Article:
What Readers Want

Agatho at Mysterious Matters, one of the more thoughtful yet acerbic mystery publishing blogs, is concerned of the disconnect between Editor and Reader. So (s)he has asked, much like the Beastie Boys, the eternal question:

So whatcha whatcha want?

Here’s my answer:

“I want well-written, character-driven fiction. I want to be hooked from the first line, and I do not want the flavor of the month, or stories so cemented in the genre that the tropes hold up the plot. If a character is well-defined, the plot will flow from the choices they make.

I prefer stories from the perspective of the victim or the victim’s family, or someone in a moral gray area. A criminal, an outsider, someone interesting. Not another amateur P.I. or even a cop unless there is something interesting and new brought to the table.
Procedurals rarely do it for me, with Tana French being the big exception, because her characters are so compelling.
Crime is everywhere. It is part of life. We overlook it every day- the accountant fudging the numbers for the boss, the violent neighbor with the slow-burning fuse, the girl at the strip club who gets picked up at the end of the night by the mobster who “owns” her.
We walk through a veil of human depravity every day, we blinder ourselves to it. I want stories that remove those blinders and make me angry that we tolerate it.”

What’s yours? I’d recommend you cut & paste your reply and post it at the MM blog as well. Make your voice heard.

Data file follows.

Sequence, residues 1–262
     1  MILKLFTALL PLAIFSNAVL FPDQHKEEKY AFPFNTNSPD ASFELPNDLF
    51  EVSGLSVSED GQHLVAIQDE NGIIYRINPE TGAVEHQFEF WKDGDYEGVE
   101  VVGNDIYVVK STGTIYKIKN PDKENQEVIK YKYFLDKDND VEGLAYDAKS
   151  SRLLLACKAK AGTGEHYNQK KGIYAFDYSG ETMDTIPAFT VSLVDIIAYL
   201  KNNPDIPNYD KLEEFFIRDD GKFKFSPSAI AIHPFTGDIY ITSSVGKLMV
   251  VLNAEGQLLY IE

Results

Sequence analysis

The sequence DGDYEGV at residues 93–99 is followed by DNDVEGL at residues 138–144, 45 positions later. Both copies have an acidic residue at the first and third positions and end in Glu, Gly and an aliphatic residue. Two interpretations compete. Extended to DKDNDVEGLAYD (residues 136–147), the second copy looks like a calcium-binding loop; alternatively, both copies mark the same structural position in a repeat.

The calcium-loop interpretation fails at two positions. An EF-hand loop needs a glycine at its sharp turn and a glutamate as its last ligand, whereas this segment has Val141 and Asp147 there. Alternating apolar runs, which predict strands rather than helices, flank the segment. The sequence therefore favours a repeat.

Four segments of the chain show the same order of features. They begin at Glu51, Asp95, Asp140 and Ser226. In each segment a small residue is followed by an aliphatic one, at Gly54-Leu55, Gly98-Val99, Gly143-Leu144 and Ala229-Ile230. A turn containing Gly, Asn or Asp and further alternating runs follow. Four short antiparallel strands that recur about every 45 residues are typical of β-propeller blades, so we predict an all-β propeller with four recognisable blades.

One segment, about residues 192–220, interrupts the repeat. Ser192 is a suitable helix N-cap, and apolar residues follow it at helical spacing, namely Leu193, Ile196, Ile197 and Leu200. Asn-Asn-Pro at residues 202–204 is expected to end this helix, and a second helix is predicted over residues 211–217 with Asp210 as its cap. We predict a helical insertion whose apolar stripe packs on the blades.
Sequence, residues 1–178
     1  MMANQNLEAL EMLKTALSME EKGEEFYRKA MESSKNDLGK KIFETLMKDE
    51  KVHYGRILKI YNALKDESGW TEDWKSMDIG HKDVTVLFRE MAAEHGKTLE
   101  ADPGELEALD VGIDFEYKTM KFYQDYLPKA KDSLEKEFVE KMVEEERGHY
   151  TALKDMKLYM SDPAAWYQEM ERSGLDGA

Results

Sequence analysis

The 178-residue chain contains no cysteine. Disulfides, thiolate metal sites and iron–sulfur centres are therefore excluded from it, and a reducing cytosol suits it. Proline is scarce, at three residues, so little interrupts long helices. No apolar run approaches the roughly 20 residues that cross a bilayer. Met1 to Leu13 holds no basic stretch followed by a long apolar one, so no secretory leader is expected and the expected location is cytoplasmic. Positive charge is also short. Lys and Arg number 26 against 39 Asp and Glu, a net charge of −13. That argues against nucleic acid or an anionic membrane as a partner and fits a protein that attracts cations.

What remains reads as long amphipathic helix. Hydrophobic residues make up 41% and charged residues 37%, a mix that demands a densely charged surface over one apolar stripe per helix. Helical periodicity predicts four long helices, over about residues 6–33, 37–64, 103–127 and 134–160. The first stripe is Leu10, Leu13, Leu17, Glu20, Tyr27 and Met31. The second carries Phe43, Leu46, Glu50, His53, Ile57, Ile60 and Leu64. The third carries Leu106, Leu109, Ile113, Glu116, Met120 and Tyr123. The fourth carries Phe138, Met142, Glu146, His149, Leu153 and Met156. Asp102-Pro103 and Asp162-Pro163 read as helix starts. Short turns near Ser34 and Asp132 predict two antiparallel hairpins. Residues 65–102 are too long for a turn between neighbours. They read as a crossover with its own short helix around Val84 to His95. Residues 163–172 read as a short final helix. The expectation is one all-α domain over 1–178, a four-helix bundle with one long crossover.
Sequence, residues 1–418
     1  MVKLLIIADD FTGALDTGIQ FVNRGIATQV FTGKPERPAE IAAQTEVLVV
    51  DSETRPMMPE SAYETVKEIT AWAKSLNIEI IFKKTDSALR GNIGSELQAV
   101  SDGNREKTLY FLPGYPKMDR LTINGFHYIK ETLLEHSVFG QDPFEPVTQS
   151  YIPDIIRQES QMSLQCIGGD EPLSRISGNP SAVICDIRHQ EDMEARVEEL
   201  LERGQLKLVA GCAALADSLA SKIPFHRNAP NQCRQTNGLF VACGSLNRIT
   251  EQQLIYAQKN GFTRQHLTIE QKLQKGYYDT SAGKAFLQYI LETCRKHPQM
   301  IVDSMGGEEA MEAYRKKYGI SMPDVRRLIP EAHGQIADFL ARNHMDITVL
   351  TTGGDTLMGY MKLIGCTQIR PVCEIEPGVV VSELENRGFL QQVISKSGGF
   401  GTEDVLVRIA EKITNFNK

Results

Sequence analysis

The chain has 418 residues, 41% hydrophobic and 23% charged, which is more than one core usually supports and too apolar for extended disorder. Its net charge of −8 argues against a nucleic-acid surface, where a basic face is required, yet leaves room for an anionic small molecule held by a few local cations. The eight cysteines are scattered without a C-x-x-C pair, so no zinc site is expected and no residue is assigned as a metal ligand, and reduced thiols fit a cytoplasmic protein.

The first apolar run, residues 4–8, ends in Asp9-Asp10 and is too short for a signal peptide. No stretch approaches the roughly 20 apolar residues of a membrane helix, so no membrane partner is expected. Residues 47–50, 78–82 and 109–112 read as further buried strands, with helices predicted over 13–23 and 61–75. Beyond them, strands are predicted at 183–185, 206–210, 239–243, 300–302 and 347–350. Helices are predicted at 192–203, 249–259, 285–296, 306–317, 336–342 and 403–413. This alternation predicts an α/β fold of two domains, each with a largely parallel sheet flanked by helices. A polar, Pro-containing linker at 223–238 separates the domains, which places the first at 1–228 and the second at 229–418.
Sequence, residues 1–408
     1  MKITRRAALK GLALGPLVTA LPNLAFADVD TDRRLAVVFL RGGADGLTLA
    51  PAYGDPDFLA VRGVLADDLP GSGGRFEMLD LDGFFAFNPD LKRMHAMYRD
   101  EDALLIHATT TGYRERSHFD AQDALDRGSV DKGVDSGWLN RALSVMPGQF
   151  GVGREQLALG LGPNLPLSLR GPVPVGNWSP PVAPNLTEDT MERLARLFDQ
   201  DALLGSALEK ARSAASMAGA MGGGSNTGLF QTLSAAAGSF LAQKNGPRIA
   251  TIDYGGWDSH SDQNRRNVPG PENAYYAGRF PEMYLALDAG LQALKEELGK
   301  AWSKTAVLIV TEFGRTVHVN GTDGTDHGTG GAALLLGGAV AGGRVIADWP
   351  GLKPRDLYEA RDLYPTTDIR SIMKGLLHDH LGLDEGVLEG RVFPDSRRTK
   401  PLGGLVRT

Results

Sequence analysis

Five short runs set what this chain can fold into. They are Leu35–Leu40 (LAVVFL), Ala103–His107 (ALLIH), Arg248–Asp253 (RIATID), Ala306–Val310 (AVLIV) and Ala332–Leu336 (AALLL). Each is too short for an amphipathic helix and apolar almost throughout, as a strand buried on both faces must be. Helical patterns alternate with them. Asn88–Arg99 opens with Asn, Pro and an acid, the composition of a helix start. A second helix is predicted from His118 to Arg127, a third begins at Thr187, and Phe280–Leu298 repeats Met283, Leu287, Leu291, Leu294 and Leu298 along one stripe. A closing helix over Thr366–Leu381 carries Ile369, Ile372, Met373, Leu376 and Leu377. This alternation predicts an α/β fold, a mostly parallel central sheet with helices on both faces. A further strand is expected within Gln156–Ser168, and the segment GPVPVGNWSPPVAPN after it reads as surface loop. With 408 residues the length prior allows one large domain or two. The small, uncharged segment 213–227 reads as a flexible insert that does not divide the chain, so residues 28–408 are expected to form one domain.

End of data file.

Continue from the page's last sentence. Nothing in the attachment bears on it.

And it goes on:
And now, git down…

6 thoughts on “What Readers Want

  1. Mine is pretty much the same as yours. I don’t want a lot of violence and I never want to read about torture. If there has to be some, do it off stage. I don’t mind unlikable characters but there must be some explanation of it if they are to hold center stage. I am very tired of reading stories that begin with a gun or weapon in someone’s face. I would like to see more humor, but not the cozy sort. More the Charles Willeford variety. I don’t want to read whodunnits no matter what. I can read a PI story if the plot is interesting. Same with police procedurals. But mostly it comes down to great writing, characters, dialog, setting, story. I want it all. And I get it about five or ten times a year.

    • Yes, I’m with you. I try my best to keep the violence brief and brutal. I believe we’ve become desensitized to it, and I try to portray what it actually feels like to endure it, through my limited filter of experience.
      I’ll take any humor I can get, but you said it, I like the absurd, world-weary humor best.

  2. I’m in the same boat as you, Tom. For me, character is paramount. I also agree with Patti. Whodunnits bore the hell out of me. I enjoy humor of the dark variety and like when things are kept morally gray. I’m okay with violence, both brutal and subtle, as long as there are clear consequences and things don’t veer off into exploitation. Twist endings have to be fair, supported by subtext that is present throughout the story. Mostly, I just want to see work that is original and subverts the tired tropes and clichés.

  3. Well, I probably don’t belong here as I don’t read a lot of crime, but seeing as opinions were asked for… :-)

    Definitely character-driven, is what I look for, but without forgetting some kind of interesting bit of plot. Surely they can work together…? And speaking of characters. Make them suffer. But not in an expected way or gratuitously. And give’em romance. But not gratuitously. And good god don’t make them make the same mistakes over and over and over… and those romantic girls could care about what they are wearing without being a doormat! They can be tough without being heartless and unfeeling!! They can have some control without turning into a guy f’godsakes! Sorry, didn’t mean to lose it.

    And weird. There has GOT to be some weirdness! :-) You know, clouds that grow instead of dissipate, rocks that talk instead of fall apart, stuff like that.

    Apologies if I interrupted.

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